I walk in the door to my local Tesco Express, and there he is. He is wearing all black, has a club of some sort attached to his belt, which he hitches up as I walk in. It’s as though he’s been waiting for me to engage in a Wild West duel.
His chest is extended as far as it will go without snapping his spine in two and he breathes audibly.
“Dobry den,” I say. In return he gives me a long glare as if to say, “You want to steal something, punk, go ahead, dobry my den.”
He is the new security guard.
I have always admired a person who takes their job seriously, no matter how menial it is perceived to be. A woman working hard behind the counter at McDonald’s has my immediate respect and admiration, as do the garbage collectors who clean the ground behind the cans, and the conscientious waiter. But a new security guard is not so much attentive to his task as he is desperately hopeful to turn his job into something he watched on late night cable the day before.
So while his veteran colleagues nod at customers and hold the door for old ladies carting around checkered bags on wheels, the new guy glares at people and searches the old ladies’ bags as he scans their receipts for anomalies. Perhaps the veteran knows that nothing really happens in a Tesco Express behind a police station in Prague 4.
The New Guy is Freud’s wet dream. While he is not allowed to carry a gun, his duty belt holds everything else in the world that a man overcompensating for his lack of position and male endowment can carry. This includes a 12 inch flashlight, a club, and dozen of nylon pouches surely filled with hair gel and power bars. His bulletproof vest is a dangle with gadgets.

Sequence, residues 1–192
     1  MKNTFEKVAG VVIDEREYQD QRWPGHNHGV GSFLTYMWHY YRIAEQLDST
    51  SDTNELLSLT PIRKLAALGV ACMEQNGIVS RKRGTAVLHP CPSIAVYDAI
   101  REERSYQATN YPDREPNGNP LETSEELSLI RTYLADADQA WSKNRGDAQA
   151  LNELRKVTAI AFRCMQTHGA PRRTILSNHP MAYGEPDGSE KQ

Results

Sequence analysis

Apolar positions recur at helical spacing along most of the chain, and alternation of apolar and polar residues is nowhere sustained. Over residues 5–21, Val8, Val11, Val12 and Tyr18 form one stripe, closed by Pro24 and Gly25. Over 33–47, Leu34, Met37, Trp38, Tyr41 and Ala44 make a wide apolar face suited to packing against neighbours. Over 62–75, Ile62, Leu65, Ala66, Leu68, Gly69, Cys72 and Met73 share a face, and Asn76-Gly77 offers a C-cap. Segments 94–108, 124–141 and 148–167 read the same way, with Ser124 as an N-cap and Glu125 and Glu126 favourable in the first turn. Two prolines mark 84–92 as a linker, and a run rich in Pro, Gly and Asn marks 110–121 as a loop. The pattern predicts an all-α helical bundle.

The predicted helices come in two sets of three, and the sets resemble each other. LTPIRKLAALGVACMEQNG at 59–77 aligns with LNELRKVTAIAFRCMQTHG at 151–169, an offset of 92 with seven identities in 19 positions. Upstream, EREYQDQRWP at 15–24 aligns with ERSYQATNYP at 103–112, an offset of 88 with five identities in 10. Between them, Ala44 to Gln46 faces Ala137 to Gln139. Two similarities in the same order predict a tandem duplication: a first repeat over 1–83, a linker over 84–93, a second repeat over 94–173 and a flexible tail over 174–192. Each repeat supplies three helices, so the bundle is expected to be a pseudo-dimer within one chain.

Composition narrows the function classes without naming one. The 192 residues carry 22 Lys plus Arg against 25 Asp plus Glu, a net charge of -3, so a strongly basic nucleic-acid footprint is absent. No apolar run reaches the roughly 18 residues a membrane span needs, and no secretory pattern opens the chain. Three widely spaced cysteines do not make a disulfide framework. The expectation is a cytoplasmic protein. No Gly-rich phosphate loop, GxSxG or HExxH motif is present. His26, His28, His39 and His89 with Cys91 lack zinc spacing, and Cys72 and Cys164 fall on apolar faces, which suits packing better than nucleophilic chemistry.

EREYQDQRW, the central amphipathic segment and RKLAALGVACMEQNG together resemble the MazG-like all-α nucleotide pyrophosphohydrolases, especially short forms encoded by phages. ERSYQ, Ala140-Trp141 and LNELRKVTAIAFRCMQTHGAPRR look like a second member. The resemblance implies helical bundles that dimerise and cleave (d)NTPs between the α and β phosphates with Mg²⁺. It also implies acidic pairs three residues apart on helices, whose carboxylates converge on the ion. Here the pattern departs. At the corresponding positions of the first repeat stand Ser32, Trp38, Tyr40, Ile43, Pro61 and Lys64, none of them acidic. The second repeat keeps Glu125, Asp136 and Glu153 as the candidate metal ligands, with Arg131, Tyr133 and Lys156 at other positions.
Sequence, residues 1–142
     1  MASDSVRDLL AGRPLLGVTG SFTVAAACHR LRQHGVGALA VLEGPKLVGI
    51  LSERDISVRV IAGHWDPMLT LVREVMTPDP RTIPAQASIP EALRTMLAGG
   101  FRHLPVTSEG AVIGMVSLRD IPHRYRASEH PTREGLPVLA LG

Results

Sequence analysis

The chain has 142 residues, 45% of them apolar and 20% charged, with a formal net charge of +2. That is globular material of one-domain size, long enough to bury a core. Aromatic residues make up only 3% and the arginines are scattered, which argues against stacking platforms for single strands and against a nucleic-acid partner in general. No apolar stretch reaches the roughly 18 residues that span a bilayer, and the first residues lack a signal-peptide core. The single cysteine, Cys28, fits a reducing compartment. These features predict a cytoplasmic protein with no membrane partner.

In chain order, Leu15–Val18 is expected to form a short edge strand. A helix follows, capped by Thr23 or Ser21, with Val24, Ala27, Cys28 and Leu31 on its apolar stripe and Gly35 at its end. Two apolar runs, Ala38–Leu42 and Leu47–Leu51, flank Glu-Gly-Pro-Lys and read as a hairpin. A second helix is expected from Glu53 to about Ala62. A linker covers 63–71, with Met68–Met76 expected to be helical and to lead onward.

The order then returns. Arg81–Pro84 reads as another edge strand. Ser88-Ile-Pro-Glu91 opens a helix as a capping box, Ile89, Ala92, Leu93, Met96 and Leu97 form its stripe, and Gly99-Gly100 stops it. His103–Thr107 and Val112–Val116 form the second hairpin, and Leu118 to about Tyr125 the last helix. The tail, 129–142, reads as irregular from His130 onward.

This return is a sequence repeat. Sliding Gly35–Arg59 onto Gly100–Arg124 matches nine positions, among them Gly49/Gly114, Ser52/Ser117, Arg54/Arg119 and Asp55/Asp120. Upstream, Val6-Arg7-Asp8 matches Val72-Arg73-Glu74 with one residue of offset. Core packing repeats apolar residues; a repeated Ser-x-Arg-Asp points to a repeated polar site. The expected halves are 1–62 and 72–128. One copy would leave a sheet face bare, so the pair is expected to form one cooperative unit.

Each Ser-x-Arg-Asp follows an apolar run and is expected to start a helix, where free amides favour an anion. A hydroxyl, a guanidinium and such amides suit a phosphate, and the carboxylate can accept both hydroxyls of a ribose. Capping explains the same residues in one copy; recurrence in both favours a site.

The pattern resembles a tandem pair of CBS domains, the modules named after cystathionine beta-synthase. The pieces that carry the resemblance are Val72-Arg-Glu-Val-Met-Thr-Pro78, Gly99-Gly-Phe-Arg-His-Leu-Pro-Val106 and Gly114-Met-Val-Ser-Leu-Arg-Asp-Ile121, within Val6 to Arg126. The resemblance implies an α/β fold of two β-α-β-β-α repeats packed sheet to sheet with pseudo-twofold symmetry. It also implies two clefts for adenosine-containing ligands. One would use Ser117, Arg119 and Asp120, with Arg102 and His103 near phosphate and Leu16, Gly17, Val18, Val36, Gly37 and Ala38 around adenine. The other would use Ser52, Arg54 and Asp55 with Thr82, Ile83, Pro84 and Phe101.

He is the New Guy.
We are walking towards the pond in Stromovka. It’s 8 p.m., October 31st. It’s very dark, the only light coming from the eerie fog that has settled on the fields and among the trees. It is also quiet of humans, though there are the occasional barks of distant dogs and the guttural ribbit (Cz: kvak) of frogs in the pond.
By day, this park is markedly different. It’s green and usually filled with people jogging, walking, skating, or playing Frisbee. But on this autumn night, with the fog, the eerie quiet, the black trees outlined against the dark night, it’s a storybook setting for a Halloween ghost story.
And that’s fitting, because we are here on Halloween to see a ghost.
The ghost was a Carpathian Captain and cousin of Vlad the Impaler who is said to live in the middle of the pond at Stromovka and come out only to catch humans to eat. While he waits, however, he feeds on pond creatures and whiles away the hours organizing the fish into military formations.